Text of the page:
As can be seen from FIG. 4, the umbilical 90 is connected to an umbilical winch or takeup drum 94 which includes a drum 96 onto which the umbilical is wound so as to permit slacking off and taking up slack as the bell is moved from the sliding framework 16 down to the subsea surface S where the ballast is located and back up again. Drum 96 may be spring loaded to take up slack or can be arranged to be driven. The drum 96 is provided with a fluid and an electrical slip ring arrangement so that only the umbilical section 91 between sliding framework 16 and the bell is wound on drum 96 whereas the portion of umbilical 90 above sliding framework 16 is connected to the slip ring arrangement on drum 96 and does not change length upon rotation of drum 96 as does section 91. At the same time, the lift line itself 88 is connected at 98 to the sliding framework 16.
The operation of the device will now be described.
The sliding framework 16 is lowered down the two adjacent guide wires from a topside winch. One manner of constructing and/or using a guide frame and guide wire arrangement somewhat similar to that disclosed herein is disclosed in U.S. Pat. No. 3,302,709, and a similar system is used in the arrangement disclosed in U.S. Pat. No. 3,851,491, while slightly modified arrangements are disclosed in U.S. Pat. Nos. 3,641,777, 3,353,344, and 3,465,531. The bell assembly 18, 20 is winched securely and compactly against sliding framework 16 topside at the sea surface. This assembly is then lowered down two of the existing guide wires and landed on top of the guide 12. The surface operator at this time slacks off on the combined lift line/umbilical 22. In order to avoid excessive strain on the guide wires, the entire bell assembly is designed to be near neutral.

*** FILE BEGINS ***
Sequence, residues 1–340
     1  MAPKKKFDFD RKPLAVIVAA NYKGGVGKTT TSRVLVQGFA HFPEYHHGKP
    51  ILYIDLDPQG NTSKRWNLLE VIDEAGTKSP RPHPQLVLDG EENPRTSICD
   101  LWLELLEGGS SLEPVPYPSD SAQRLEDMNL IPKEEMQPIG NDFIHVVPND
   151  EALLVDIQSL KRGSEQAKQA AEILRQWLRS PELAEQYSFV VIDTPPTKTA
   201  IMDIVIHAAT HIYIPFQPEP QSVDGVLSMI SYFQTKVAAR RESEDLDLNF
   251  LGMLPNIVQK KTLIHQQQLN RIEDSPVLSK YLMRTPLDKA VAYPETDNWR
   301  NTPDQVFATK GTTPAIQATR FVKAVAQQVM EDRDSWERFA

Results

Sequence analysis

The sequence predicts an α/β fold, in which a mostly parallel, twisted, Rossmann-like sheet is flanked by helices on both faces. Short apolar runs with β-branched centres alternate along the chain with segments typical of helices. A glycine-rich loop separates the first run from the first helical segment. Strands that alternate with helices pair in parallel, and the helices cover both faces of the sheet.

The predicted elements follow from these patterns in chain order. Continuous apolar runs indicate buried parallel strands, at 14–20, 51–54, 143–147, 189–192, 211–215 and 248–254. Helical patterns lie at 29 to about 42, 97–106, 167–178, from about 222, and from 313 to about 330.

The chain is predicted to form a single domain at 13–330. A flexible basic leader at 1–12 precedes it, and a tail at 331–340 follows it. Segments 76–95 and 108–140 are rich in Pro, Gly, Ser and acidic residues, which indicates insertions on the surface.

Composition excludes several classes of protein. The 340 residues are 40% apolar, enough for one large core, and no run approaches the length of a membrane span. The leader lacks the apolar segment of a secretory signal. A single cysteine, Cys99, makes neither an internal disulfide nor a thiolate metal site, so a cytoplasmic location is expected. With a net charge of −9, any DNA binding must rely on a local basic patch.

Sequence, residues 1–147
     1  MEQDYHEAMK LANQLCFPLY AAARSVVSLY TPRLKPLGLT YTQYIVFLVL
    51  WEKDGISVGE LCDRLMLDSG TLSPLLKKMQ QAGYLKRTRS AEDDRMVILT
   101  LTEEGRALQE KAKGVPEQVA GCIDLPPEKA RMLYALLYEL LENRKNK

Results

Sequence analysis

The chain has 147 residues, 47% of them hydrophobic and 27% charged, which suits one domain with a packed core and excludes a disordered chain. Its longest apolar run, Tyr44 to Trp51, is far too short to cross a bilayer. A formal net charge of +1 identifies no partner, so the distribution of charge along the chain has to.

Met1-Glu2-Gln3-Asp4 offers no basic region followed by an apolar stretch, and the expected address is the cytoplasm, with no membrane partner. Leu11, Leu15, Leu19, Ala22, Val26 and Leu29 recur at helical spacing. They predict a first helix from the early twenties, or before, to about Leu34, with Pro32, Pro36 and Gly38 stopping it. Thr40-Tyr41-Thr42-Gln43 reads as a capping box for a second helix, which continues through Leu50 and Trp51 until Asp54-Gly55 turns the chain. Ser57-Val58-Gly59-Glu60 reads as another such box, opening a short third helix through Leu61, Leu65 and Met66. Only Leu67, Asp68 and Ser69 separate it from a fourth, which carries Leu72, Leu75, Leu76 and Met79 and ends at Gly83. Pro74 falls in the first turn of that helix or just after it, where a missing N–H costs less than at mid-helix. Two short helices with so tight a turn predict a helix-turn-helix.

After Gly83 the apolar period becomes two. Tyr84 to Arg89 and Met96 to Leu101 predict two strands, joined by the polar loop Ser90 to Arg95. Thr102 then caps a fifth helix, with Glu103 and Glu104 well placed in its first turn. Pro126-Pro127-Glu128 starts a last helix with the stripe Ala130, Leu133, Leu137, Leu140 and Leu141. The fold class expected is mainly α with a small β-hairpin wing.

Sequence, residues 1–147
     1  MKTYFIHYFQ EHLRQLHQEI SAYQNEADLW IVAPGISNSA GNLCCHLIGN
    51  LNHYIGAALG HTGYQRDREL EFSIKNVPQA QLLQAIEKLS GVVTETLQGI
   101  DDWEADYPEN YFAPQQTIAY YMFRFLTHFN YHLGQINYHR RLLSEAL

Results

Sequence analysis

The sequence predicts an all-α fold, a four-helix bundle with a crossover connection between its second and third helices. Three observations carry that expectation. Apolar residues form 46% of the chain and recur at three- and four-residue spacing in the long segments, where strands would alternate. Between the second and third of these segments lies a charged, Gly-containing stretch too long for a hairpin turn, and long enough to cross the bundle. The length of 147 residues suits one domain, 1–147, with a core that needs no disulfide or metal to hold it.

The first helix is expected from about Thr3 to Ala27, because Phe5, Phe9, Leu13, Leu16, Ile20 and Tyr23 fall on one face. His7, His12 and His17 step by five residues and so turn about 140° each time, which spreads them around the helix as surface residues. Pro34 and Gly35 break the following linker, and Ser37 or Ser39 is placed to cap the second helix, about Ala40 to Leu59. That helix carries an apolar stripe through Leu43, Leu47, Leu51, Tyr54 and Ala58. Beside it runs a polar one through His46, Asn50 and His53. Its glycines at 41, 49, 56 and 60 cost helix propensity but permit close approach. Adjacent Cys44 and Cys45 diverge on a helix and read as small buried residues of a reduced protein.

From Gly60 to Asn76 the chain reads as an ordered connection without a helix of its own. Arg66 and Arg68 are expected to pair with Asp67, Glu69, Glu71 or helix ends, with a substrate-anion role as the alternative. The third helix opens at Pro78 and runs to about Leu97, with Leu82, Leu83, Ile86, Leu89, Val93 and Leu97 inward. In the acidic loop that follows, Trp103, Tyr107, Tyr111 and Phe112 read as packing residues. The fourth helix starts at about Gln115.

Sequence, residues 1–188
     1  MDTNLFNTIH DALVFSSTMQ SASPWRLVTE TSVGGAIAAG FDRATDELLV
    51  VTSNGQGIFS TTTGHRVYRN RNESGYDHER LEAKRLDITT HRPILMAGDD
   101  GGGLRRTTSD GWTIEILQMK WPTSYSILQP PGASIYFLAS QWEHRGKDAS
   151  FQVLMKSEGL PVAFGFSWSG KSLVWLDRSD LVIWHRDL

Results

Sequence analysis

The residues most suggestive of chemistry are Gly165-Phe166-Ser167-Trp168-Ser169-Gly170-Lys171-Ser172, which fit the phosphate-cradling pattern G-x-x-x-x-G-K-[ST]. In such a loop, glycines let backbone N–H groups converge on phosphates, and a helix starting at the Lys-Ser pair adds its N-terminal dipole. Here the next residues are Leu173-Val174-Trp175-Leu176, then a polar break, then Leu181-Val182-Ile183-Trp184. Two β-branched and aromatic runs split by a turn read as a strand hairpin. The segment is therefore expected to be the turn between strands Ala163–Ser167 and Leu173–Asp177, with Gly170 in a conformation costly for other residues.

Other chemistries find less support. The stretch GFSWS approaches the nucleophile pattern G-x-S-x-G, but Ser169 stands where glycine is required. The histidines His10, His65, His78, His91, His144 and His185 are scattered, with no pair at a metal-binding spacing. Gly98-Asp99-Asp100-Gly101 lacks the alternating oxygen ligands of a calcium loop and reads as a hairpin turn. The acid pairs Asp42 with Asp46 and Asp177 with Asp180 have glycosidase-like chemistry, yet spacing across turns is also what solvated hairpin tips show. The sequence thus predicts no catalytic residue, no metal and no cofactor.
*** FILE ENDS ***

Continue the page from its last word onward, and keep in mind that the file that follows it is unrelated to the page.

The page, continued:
Upon landing on the guide 12, the bell operator actuates the ballast weight winch 24 to lower the negatively buoyant bell 18/ballast weight 20 assembly to the bottom as shown in FIG. 2. Once attaining the bottom, the bell operator actuates the bell which 26 to permit the buoyant bell 18 to be adjusted to any desired vertical location between the subsea surface and the lower portion of the sliding framework 16 as shown in FIGS. 3 and 4. A manipulator device 28 of the type known in the prior art such as device 75 shown in FIGS. 2, 3, and 9-11 in U.S. Pat. No. 3,851,491, or as disclosed in U.S. Pat. Nos. 3,400,541, 3,229,656, and 3,463,226, is provided on the side of the bell 18 facing the BOP 10 in order to permit the operator to operate and make adjustments and the like to the equipment. By appropriate design of the manipulator movement and slidewire framework geometry, it is possible for the bell operator to reach any point on the BOP face for servicing.
All motors for winches and the like may be hydraulically or electrically driven and each winch may be provided with its own reversible motor.
It will be understood that the above description of the present invention is susceptible to various modifications, changes and adaptations, and the same are intended to be comprehended within the meaning and range of equivalents of the appended claims.